The media makes it worse. Coining terms like "Snowmageddon", "SnOMG" and "Snopacolypse" help make the hype of every storm feel like "The Big One". Truth is, most of us haven't seen a good old fashioned snow storm in years - they just don't make 'em like they used to. I will admit to finding it interesting that places where people have never seen snow are now getting it...global warming? I don't know, I'm no expert. I just think it's interesting.
So what is it that makes us, especially here in Canada where harsh winters with lots of snow are the norm, complain so much about it? I think it's because we expect each other to, plain and simple. When you live in a climate that gets as cold and icy as ours does, talking about (and complaining about) the weather evolves into a national past-time. It's like hockey; you're going to talk about it, you're going to defend your team even though you know they're horrible and you're going to complain about the calls. That's just the way it is! (Are my Maple Leafs' roots showing?)
It's simple: It's Canada. It's February. This isn't difficult math - we know it's going to snow, we know it's going to blow and howl and be cold and miserable. We know we'll be snowblowing and shoveling and trying to find our cars in snowdrifts. We do this every year; we're pros! We'll expect it, we'll practically be able to smell the snow coming (hey, don't laugh...some of us can do that!), we'll moan and groan over snow days and kids home from school...but we're going to complain about it.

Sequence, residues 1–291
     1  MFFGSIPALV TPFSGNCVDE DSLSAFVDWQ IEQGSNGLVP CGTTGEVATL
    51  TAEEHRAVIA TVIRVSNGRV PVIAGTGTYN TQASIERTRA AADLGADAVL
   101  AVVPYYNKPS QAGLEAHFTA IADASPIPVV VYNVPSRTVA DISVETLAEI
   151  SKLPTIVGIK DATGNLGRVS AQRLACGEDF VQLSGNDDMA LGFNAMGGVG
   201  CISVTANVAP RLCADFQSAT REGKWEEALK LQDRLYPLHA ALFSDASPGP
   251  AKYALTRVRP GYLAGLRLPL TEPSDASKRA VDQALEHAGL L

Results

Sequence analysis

It's the Canadian way to handle winter, eh?
Tuesday, February 1
Yeah okay, I know. I take too long between posts, I don't blog enough, I'm a slacker....I got it. And you're right, and I should write more. Mmmhmm. Now that I've been chastised (and agreed! Don't forget I agreed!), can we move on? Please?
So I won't bother regaling you with all the backup nonsense, but sufficed to say, I'm on the next chapter. I know it's the next chapter because it's new and fun and I'm excited. Uh....can I just take a moment to say this:
Seriously. Yay. It's how I feel. I mean, a few months ago I was sitting at home feeling like I was going to be at home forEVER; I was having a really difficult time with the whole "being at home" thing, and yet because of where we were living, I didn't think I'd be able to find a job I'd like. I even tried the whole "from home work" thing, and THAT didn't work out, either. So yeah...it was a little depressing. When we made the decision to move home, I honestly thought I was condemning myself to an even longer sentence of "at home"-dom, but the move was "The Right Thing To Do". Aaaaaah, sacrifice. How I loathe thee.
HOWEVER! Here we are, just one short month later, and I'm EXCITED and HAPPY about what I'm doing! Who would have guessed? Certainly not me - let me tell you a little about the place I currently live in. Small towns are notorious for being "behind" technologically - this place is no different. Sure there are lots of businesses here, including successful small businesses. They're just a little behind in terms of learning to use the tools that are available to them when it comes to things like marketing, customer happiness, etc. I don't say this condescendingly, by the way - I have great respect for people who run businesses! I think it's just that on this end of the country, we're oftentimes more concerned with making it work than worrying about things like online marketing, websites, e-commerce, etc.
I'm happy to say that I'm getting the chance to educate and be a part of something that I absolutely love being a part of - how many people get to say that?? I feel good about where I'm at - it's a great feeling! Especially since I'm really not very good at being at home. In fact, I'm downright horrible at it. I'm a thinker. I must think!
So stay tuned...I think maybe I'll stick around a while.